Kamza A(1), Putko A(2). Author information:
(1)Institute of Psychology, SWPS University of Social Sciences and Humanities,
Chodakowska 19/31, 03-815, Warsaw, Poland. [Email]
(2)Faculty of Psychology and Cognitive Science, Adam Mickiewicz University in
Poznań, Poznań, Poland.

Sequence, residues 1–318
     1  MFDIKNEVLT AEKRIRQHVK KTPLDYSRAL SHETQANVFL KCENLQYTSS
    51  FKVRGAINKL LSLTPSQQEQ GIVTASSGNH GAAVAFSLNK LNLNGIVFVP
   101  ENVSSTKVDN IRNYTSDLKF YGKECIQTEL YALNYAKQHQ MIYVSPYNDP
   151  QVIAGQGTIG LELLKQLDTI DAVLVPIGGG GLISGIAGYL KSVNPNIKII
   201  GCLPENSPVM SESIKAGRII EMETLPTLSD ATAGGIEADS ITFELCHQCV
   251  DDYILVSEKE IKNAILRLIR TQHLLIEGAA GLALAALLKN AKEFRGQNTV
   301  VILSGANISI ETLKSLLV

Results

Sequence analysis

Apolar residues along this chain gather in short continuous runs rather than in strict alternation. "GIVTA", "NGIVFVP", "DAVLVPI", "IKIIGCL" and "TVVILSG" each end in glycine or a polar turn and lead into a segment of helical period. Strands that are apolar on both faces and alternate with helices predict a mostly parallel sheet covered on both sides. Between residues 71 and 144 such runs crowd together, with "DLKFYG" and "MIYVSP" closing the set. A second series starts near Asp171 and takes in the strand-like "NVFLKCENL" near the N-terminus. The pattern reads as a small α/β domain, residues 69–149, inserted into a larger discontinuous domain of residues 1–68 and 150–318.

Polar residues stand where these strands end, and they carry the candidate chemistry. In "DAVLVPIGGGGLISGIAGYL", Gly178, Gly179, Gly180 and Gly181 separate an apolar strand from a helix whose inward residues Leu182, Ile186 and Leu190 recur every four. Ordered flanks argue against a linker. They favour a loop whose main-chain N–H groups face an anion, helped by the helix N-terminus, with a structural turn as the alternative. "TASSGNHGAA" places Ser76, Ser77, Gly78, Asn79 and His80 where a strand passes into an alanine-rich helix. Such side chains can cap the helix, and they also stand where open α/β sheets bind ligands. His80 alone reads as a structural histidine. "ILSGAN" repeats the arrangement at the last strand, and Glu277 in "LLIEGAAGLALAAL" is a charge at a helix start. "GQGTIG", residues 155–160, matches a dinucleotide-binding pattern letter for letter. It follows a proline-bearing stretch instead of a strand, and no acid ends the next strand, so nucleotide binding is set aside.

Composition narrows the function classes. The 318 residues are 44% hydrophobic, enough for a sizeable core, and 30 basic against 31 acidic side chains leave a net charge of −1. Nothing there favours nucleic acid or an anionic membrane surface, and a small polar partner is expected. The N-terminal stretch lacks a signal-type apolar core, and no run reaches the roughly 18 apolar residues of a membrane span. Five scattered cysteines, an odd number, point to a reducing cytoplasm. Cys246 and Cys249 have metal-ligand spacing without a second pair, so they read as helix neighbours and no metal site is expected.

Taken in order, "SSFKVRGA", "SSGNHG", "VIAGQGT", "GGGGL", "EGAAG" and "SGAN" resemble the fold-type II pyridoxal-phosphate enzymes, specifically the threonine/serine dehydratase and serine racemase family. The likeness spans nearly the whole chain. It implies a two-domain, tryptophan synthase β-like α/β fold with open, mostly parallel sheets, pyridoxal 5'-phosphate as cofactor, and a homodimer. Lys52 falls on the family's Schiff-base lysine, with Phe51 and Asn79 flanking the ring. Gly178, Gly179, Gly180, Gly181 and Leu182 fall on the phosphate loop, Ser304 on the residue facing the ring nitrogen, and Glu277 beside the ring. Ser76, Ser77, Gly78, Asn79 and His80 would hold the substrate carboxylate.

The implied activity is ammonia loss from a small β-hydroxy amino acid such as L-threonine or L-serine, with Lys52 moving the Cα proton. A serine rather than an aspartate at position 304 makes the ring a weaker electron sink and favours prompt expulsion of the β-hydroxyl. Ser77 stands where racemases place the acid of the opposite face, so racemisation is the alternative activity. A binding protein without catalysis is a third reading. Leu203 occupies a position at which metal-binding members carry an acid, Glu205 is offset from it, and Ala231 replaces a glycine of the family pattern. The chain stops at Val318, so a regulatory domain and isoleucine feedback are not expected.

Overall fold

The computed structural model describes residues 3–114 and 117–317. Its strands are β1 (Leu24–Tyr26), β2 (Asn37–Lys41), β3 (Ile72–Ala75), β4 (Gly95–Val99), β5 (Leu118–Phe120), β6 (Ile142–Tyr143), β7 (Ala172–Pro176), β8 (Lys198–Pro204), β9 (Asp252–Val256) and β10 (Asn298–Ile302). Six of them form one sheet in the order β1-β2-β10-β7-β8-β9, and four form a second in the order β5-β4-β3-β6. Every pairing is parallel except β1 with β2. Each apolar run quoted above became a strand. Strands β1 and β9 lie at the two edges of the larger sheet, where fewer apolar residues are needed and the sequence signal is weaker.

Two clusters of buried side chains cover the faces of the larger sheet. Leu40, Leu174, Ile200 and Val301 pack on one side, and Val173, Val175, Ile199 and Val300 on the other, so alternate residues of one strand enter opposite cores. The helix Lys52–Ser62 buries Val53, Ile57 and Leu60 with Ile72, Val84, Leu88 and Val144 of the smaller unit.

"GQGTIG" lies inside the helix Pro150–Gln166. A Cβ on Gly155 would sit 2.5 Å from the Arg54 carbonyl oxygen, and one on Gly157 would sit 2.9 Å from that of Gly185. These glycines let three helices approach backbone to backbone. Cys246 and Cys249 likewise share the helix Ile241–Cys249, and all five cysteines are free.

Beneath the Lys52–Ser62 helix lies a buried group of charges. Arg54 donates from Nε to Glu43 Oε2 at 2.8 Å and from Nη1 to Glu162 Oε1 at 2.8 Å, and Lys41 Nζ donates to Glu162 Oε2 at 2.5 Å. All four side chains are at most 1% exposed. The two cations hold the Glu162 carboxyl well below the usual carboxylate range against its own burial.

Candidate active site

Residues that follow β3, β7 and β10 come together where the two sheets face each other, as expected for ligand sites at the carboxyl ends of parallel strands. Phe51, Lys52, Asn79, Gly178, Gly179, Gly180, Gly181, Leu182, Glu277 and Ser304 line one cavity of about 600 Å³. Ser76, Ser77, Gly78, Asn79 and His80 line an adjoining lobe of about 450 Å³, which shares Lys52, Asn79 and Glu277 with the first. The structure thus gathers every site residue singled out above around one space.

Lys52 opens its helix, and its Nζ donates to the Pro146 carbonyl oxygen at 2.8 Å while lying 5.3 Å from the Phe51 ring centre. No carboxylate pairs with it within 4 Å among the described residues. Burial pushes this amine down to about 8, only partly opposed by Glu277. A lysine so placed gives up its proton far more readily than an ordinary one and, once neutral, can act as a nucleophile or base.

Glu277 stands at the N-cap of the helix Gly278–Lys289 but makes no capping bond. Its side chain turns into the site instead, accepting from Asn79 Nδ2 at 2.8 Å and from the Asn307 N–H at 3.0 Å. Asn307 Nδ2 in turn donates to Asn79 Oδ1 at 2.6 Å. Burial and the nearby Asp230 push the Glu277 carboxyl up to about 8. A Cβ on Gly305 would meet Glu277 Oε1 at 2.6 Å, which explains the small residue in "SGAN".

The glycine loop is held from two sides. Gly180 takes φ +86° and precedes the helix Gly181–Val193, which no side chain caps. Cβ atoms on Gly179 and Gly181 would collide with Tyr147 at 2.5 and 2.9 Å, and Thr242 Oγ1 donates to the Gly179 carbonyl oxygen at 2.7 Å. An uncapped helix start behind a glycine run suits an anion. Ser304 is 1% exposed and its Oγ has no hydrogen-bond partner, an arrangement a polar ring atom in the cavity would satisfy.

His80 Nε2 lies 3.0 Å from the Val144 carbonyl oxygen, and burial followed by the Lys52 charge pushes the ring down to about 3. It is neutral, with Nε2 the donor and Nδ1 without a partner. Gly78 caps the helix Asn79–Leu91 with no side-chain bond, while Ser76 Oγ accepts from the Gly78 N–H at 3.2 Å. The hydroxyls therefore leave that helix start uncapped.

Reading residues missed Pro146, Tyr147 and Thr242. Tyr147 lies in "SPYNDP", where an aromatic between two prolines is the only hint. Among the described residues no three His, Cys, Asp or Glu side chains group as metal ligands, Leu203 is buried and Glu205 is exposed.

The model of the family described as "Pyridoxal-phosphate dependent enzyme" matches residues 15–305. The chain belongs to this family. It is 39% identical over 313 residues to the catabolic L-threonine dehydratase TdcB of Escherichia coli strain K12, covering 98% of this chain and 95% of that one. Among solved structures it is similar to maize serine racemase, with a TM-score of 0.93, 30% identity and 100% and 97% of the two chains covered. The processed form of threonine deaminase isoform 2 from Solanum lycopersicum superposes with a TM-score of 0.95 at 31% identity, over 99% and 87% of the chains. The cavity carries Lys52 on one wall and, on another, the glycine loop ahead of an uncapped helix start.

BACKGROUND: The relationship between parent-child attachment and executive function (EF) in middle childhood remains relatively poorly studied. Very little is known about the role that the child's verbal ability might play in these relationships. Therefore, in the present study, we explored the concurrent links between perceived attachment security with parents and hot and cool inhibitory control (IC)-a core component of EF-as well as the potential mediating role of verbal ability in those links. METHODS: The participants were 160 children aged 8 to 12 (51% girls). They completed the Attachment Security Scale, the computerised version of the go/no-go task, the delay discounting task, and the vocabulary subtest from the Wechsler Intelligence Scale for Children. Pearson's correlations were conducted to test relationships between the study variables. A hierarchical multiple linear regression analysis was performed to examine whether attachment security uniquely contributed to the outcomes after accounting for covariates. The indirect effects were tested using a non-parametric resampling bootstrap approach. RESULTS: The results showed that, after accounting for the child's age and sex, there was a direct relationship between attachment security with the father and cool, but not hot, IC. However, there were no significant links between attachment security with the mother and both aspects of IC. We also found that children's verbal ability played a mediating role in the associations between both child-father and child-mother attachment security and hot, but not cool, IC above and beyond the child's age. CONCLUSIONS: The current study extends previous work on executive functions in middle childhood. The results highlight the role of attachment in explaining individual differences in IC in middle childhood as well as the different mechanisms through which attachment with parents might explain cool vs. hot IC. The findings have potential implications for therapeutic interventions using the family context as a target to improve IC in middle childhood.
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